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    Old 02-07-2004, 08:28 PM   #1
    Cloie
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    Overmedicated/Ultram

    Hi all,

    I take about six different medications for a myriad of things. Docs and pharmacists tell me they are fine to take together and there are no contraindications, only slight additive effects causing drowsiness, but should be okay. However, many times, I feel over medicated, almost toxified or poisoned by too much medicine...tired, but wired. Not sure what the solution is. Anyone else feel overmedicated?
    Anyone out there on Ultram? Any info/experiences good or bad appreciated. I just started on it yesterday. Cloie

     
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    Old 02-08-2004, 07:00 PM   #2
    REC73
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    Re: Overmedicated/Ultram

    Hi Cloie, nice to hear from you again

    What are the other meds that you are taking? I'm sure your doc nor your phamacist would prescribe or give to you any meds that would in some way harm you when taken at the same time. I currently am on oxycontin and endocet for pain and flexeril and every now and then ambien when i'm down and out and i can't sleep because of the pain from my fibromyalgia. Before my surgery to decompress a ruptured disc i was on neurontin for the sciatic nerve pain but i no longer need to take it and the elavil just didn't seem to work for me.

    As far as the ultram goes.......i was put on it when it first came out and my GP told me it was going to be this great med for people with chronic back pain because it was a non-narcotic and people didn't need to worry about physical dependence. WRONG! I can attest as i'm sure many other people can that it works on the same receptors as narcotics do therefore it mimics one very well and can cause dependence if taken for a length of time. I took it for about 6 mo. and it worked well for my pain in the beginning. I went through a period of time where my back wasn't hurting like it does now so i quit taking them because i felt like IB 800mg. was able to make the pain tolerable and i didn't want to take anything prescription if i didn't have to. I soon learned quickly that i was going to withdraw from it in a terrible way. It not only has analgesia properties but anti depressant ones too.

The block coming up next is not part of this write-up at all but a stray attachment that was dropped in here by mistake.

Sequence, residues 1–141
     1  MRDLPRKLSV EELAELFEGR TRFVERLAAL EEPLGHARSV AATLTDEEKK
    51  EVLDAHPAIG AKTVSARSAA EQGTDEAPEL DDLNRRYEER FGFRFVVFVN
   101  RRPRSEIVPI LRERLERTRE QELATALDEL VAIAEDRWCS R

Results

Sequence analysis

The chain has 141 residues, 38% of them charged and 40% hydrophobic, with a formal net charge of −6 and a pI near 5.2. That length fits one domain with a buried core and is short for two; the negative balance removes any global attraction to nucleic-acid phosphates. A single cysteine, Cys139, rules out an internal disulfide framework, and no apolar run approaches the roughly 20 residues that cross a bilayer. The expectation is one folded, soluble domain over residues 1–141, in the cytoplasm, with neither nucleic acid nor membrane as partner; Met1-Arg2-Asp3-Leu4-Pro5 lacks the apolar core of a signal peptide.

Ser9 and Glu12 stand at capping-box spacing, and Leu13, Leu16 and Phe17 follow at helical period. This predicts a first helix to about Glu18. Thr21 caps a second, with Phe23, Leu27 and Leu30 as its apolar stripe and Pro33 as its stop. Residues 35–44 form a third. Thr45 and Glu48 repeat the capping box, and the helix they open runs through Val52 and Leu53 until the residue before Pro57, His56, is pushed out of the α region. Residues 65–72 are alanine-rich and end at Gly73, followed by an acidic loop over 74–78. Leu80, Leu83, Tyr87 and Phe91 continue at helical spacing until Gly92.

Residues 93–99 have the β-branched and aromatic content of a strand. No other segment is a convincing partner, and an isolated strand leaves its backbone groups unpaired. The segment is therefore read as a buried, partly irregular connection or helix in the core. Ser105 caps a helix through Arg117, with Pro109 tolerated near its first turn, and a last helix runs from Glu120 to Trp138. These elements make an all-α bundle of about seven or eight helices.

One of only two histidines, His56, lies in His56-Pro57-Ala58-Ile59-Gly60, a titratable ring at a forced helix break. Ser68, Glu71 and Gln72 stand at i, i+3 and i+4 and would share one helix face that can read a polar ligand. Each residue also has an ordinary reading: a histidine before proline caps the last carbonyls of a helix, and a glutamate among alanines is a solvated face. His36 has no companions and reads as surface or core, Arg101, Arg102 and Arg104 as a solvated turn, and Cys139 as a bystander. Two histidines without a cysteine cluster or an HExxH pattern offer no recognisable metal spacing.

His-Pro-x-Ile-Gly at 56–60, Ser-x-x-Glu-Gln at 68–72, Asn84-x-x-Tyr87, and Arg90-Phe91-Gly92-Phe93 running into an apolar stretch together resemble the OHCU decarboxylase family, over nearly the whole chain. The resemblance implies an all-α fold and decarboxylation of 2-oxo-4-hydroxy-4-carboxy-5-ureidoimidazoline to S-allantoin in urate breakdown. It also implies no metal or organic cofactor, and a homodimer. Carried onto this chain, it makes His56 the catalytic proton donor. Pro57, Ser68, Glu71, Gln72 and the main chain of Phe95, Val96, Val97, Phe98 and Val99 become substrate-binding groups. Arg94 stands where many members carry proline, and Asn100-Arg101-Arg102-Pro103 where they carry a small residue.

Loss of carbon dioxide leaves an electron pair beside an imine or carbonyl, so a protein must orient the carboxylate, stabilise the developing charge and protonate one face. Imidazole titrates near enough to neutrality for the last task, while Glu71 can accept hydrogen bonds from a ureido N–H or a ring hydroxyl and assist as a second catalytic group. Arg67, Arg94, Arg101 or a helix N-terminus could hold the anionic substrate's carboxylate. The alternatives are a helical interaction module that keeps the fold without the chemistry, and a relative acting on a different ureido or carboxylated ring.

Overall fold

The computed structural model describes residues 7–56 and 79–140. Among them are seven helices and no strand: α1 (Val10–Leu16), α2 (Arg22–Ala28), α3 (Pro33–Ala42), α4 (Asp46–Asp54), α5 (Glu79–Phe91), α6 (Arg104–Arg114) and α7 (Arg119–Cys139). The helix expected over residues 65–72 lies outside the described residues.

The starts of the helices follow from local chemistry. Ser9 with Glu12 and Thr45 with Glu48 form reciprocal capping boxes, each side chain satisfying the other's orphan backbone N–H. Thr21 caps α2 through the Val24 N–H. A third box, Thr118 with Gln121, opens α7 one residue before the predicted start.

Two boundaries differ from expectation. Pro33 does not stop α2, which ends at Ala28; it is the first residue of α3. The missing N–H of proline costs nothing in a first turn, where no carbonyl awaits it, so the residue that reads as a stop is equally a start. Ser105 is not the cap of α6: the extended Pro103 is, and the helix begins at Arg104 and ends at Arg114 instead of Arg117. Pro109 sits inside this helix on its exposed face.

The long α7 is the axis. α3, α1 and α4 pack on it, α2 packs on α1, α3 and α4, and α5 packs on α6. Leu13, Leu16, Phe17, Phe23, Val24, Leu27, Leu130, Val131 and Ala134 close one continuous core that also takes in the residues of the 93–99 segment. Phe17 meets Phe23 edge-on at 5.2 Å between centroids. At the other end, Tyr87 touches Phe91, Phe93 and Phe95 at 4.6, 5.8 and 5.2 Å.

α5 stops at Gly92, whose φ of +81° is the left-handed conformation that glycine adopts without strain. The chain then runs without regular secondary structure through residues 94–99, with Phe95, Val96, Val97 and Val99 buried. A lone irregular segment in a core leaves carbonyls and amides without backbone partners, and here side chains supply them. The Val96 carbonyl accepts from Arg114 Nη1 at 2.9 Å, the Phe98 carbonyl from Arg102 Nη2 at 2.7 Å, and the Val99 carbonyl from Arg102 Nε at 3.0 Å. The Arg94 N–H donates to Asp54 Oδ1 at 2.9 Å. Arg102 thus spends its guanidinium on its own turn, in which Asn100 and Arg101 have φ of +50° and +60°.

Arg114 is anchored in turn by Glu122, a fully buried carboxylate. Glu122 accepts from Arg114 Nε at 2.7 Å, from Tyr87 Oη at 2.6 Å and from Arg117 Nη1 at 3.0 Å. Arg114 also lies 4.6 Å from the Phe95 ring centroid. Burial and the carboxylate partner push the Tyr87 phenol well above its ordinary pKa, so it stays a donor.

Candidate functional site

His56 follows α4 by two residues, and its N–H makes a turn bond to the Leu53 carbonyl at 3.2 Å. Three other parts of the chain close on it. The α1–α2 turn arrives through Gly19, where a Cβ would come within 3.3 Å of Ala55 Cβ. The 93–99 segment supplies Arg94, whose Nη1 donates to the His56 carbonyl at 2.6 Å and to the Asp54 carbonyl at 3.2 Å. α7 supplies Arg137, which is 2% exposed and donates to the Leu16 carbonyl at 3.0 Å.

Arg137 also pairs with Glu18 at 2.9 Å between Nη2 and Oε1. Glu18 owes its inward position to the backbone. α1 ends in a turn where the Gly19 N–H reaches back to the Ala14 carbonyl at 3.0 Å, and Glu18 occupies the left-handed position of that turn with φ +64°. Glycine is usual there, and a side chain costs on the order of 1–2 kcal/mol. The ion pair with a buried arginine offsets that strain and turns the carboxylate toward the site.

If it works well for your pain then AMEN i believe in pain management. I just wanted you to know if you already didn't that it behaves like a narcotic even though it's synthetic.

    Hope you are feeling well and take care

     
    Old 02-09-2004, 07:17 AM   #3
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    Re: Overmedicated/Ultram

    Hey Cloie, I wanted to add to what REC said. Ultram can cause physical dependence just like any opiate medication, I've done the Ultram withdrawal too, It's particularly bad because Ultram also acts like an antidepressant or has antideprerssant qualities. It should be slowly titrated onto a theraputic dose and needs to be slowly tapered off of.

    Like 1 tablet twice a day week one, 1 tablet 3 times a day week 2, 1 tablet 4 times a day week 3.

    Because it not only has opiate properties and antideprtessant properties it greatly effects serritonin reuptake and discontinuing Ultram can be as bad as stopping Paxil abuptly. The physical part of withdrawal syndrome is something most folks can deal with and know what to expect, But withdrawal from drugs that effect serritonin reuptake can really make you feel like your brain is fried and misfireing. It's not the amazing wonder drug, that's abuse proof and non addicting that Mcneil originally claimed.

    It can cause seizures when you exceed the max daily dose of 400mgs, The difference between a safe dose and a dangerous dose is merely one pill. It's not like opiates that you become acustomed too and have virtually no ceiling. If you are accomadated to opiates there really is no ceiling if you are titrated slowly and safely. You can go from 100mgs of morphine to 1000mgs of morphine in less than a year, "just an example" but with Ultram their is definitely a ceiling and many docs will take you right to the edge at 400 mgs. IMO There is just something wrong with a med when the theraputic dose and a dangerous dose is only seperated by one pill.

    On the other hand there are folks that Ultram does relieve their pain and make normal functioning much easier. As long as you know the potential hazzards you can avoid them and be aware, and report any strange feelings that might be a sign that this med is not for you.

    It kind of sounds like your doc has the shotgun aproach to pain management. Blast you with as many non opiate drugs as they can and withold the true opiates that will actually give pain relief. Trying non opiate methods is part of Pain management and it wouldn't make sense to go from surgery to post op pain to pain management with OxyContin or LA morphine with nothing else tried in between.